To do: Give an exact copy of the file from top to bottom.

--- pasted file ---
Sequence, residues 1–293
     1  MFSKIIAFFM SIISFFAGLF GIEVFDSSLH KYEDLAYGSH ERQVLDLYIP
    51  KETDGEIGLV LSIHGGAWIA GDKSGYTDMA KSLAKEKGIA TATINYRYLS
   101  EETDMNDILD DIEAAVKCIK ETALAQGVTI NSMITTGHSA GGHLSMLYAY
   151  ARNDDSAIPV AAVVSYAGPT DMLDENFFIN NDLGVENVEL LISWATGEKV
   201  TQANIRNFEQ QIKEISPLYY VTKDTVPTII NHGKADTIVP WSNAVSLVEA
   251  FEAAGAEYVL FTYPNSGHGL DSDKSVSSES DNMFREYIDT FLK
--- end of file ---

Sequence, residues 1–293
     1  MFSKIIAFFM SIISFFAGLF GIEVFDSSLH KYEDLAYGSH ERQVLDLYIP
    51  KETDGEIGLV LSIHGGAWIA GDKSGYTDMA KSLAKEKGIA TATINYRYLS
   101  EETDMNDILD DIEAAVKCIK ETALAQGVTI NSMITTGHSA GGHLSMLYAY
   151  ARNDDSAIPV AAVVSYAGPT DMLDENFFIN NDLGVENVEL LISWATGEKV
   201  TQANIRNFEQ QIKEISPLYY VTKDTVPTII NHGKADTIVP WSNAVSLVEA
   251  FEAAGAEYVL FTYPNSGHGL DSDKSVSSES DNMFREYIDT FLK